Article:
For Hovi, whether coaching at the Iceplex or at the U of M, it’s all a way to stay connected with the Winnipeg hockey community that has impacted her life so greatly.
“My teammates were such good people and students and continue to be leaders in their lives after hockey. Some of them are my best friends in Winnipeg, and it would be really tough for me to picture my life without them.”
U18 AAA Classic planned for 2020 as Bantam tournament continues to draw teams and scouts
Ask any young developing hockey player – their goal is to be noticed. It’s how you get anywhere in any sport; a scout notices your talent, and hopefully more scouts continue watching you. Get enough attention, and you may just get drafted to the next level.
That’s exactly what the Winnipeg Jets AAA Classic hosted at the Bell MTS Iceplex each November hopes to provide for young hockey players. After three years of the tournament, it is becoming an attractive spot for teams and scouts alike from Western Canada to congregate. With 2020 registration now open, you can REGISTER YOUR TEAM for the 2020 Winnipeg Jets AAA Classic.
The tournament itself is drawing attention, similar to the way the players are, and has been so successful that the Iceplex will be adding a U18 AAA Classic this year on Nov. 5-8, 2020.
“The AAA Classic started with eight teams and has now grown to 16 with a waiting list,” said Dean Court, Business and Amateur Hockey Development & Programming Manager for Jets Hockey Development (JHD), who helps to organize and run the tournament. “Teams from across Western Canada and the Northern United States attend what is now considered the pre-eminent Bantam tournament in Western Canada. The level of competition and play has increased each of the last three years, and with it an increase in WHL scouts.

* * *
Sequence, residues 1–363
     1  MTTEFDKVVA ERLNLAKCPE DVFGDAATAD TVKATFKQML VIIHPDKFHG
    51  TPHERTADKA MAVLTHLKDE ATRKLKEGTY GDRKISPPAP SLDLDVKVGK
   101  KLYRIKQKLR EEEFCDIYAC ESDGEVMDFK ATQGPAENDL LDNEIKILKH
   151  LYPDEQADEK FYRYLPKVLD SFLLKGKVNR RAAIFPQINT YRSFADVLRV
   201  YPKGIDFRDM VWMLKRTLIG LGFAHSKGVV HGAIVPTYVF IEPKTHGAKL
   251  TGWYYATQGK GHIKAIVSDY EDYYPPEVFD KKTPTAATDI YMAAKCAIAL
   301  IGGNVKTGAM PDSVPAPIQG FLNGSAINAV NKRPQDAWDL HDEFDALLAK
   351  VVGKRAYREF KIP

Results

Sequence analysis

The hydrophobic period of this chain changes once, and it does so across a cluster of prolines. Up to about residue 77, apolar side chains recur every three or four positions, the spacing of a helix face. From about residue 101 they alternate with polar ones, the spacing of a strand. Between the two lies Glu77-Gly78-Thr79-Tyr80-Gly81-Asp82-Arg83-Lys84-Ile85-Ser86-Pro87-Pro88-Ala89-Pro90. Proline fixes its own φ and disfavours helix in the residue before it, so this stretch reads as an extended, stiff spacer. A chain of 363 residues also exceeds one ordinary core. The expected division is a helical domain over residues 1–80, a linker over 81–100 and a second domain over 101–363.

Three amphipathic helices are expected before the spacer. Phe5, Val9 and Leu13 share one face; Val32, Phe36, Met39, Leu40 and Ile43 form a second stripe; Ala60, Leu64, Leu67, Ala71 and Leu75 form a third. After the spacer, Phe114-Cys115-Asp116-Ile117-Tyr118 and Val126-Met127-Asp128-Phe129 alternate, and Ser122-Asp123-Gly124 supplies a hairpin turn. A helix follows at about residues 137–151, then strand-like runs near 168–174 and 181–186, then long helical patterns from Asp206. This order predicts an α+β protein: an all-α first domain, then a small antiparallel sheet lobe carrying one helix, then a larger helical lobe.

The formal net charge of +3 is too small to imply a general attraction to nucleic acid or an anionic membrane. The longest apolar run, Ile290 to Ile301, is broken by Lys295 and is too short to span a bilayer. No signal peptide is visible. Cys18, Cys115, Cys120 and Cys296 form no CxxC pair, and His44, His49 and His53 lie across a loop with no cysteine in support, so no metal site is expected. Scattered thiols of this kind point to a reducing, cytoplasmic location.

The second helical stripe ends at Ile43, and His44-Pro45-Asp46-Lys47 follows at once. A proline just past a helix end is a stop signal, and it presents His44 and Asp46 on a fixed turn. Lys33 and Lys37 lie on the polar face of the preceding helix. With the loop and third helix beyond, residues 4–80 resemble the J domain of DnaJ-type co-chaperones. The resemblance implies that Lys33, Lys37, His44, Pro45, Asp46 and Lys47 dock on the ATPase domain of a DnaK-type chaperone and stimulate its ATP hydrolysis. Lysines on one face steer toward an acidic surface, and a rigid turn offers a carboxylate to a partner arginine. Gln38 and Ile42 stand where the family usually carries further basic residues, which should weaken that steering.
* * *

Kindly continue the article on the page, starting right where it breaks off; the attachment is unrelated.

“Our partnership with Hockey Winnipeg has allowed this type of event to grow and gain a foothold in the local hockey calendar. A U18 tournament will provide another weekend for top players in the province and across Western Canada to compete in a highly competitive event.”
Though competition is important to the Bantam teams that have attended the AAA Classic, it’s the presence of Western Hockey League scouts that make a tournament attractive. So as the tournament has grown and drawn a larger crowd of scouts, it has been able to achieve a greater goal; allowing players to grow and realize their dreams of getting drafted to the WHL.